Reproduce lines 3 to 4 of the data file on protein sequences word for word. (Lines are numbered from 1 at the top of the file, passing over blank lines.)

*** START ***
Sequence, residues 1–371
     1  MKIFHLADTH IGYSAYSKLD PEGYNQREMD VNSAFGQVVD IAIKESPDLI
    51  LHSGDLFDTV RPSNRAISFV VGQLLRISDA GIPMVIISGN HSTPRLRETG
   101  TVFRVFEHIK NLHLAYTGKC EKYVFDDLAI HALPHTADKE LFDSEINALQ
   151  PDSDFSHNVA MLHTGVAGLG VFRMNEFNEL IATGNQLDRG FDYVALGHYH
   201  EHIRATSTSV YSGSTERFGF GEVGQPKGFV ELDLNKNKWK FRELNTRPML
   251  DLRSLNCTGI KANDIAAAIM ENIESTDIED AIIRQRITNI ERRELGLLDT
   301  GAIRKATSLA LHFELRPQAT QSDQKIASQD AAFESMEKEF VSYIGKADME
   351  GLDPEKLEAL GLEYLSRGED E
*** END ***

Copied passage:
    51  LHSGDLFDTV RPSNRAISFV VGQLLRISDA GIPMVIISGN HSTPRLRETG
   101  TVFRVFEHIK NLHLAYTGKC EKYVFDDLAI HALPHTADKE LFDSEINALQ